Circus portrays Soviet pride

Chris Heinrich

Love for the Soviet way of life is expressed throughout the Russian Film Festival’s Sept. 14 showing of Grigori Alexandrov’s Circus, an ideological Soviet comedy filmed in 1936.

The film begins with Marion “Mary” Dickson being chased by angry Americans due to a scandal she’s involved in while holding a covered child in her arms. In search of acceptance, she goes to the Soviet Union.

In the following scene, Dickson is in the middle of a circus ring and on top of a cannon singing and dancing. She gets inside of it and is shot out. She catches onto a trapeze and circles the audience. While circling, she catches the eye of the director of the circus, Martinov, who she eventually falls in love with.

The circus owner’s daughter, Rajka, and her fiance, Ladechkin, have planned a new act for the circus, Flight into Space. Ladechkin is to build an even larger cannon for Rajka and Ladechkin to fly out of together.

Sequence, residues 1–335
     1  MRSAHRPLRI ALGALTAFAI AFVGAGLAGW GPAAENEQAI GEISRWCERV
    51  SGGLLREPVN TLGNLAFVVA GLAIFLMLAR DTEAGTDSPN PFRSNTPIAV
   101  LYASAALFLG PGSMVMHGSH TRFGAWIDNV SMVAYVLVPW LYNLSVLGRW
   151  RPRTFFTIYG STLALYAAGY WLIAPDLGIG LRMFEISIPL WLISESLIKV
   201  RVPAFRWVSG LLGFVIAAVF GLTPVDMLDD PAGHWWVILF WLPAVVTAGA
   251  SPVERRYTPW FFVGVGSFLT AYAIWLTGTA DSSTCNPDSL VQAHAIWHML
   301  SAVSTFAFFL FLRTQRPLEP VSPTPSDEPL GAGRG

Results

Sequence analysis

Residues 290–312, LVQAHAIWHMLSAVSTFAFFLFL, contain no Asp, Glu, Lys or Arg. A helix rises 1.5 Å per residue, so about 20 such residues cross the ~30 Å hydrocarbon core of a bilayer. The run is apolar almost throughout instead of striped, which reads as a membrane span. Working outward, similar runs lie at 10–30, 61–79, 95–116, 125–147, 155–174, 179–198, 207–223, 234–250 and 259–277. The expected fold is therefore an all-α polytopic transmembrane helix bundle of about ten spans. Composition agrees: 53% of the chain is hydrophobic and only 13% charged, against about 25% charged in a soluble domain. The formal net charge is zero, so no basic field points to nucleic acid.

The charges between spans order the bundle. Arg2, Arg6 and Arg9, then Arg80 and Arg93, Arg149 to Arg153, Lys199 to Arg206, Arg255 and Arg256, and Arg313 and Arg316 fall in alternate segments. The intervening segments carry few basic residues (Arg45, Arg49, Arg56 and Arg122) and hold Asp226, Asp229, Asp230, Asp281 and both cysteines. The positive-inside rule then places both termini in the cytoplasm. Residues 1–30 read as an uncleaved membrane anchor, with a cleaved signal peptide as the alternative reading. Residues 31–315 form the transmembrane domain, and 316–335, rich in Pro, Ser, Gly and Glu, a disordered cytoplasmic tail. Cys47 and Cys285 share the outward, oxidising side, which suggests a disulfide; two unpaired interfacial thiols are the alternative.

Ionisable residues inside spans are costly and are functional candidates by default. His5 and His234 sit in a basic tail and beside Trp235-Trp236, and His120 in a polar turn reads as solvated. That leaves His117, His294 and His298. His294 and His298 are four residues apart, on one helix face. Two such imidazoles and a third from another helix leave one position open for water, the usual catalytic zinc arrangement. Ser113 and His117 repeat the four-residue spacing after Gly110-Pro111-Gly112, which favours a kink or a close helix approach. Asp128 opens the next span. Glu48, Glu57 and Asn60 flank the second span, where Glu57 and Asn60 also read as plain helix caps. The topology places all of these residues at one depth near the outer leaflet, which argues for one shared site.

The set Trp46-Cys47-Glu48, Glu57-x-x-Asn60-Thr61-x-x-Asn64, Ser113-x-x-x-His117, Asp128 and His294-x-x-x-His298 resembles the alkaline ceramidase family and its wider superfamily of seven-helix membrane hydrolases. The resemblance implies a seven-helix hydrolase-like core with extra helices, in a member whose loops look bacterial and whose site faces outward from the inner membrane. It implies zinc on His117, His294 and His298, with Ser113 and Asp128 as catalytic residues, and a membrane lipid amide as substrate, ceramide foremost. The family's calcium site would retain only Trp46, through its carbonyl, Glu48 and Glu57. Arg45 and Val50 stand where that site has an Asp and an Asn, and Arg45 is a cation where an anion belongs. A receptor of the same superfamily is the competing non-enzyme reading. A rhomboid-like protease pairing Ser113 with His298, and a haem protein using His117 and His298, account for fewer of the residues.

Living a comfortable life thanks to her boss, Pietrovich, Dickson is continuously threatened by him that he will reveal her secret – she gave birth to a black baby.

When letters Dickson wrote are mixed up, Martinov finds out about her baby.

In the last act of the night, Dickson dances and sings while surrounded by more than 100 other women. Interrupted by their out-of-water type ballet, Pietrovich stops the act and reveals Marion’s secret. Holding her child in his arms, Pietrovich is confronted by the circus owner. He tells him it’s not a big deal. The audience members take Marion’s child and pass it amongst themselves while laughing at Pietrovich. He is then escorted out by guards.

Different people sing Soviet songs from their respective republic while holding the child while Marion lies, crying on top of a hay pile in a back room.

Martinov finds her and everyone who works in the circus stops what they are doing to listen to the audience. The owner brings the baby to Marion who’s now in Martinov’s arms and says, that in this country, all children are loved no matter what.

The scene fades and Marion, Martinov and other circus members are marching in Red Square in Moscow. Flags with images of Vladimir Lenin and Joseph Stalin are waved in a parade made up of thousands of Russians.

Marion’s last words are, “I don’t know of a place where one can breathe so freely.”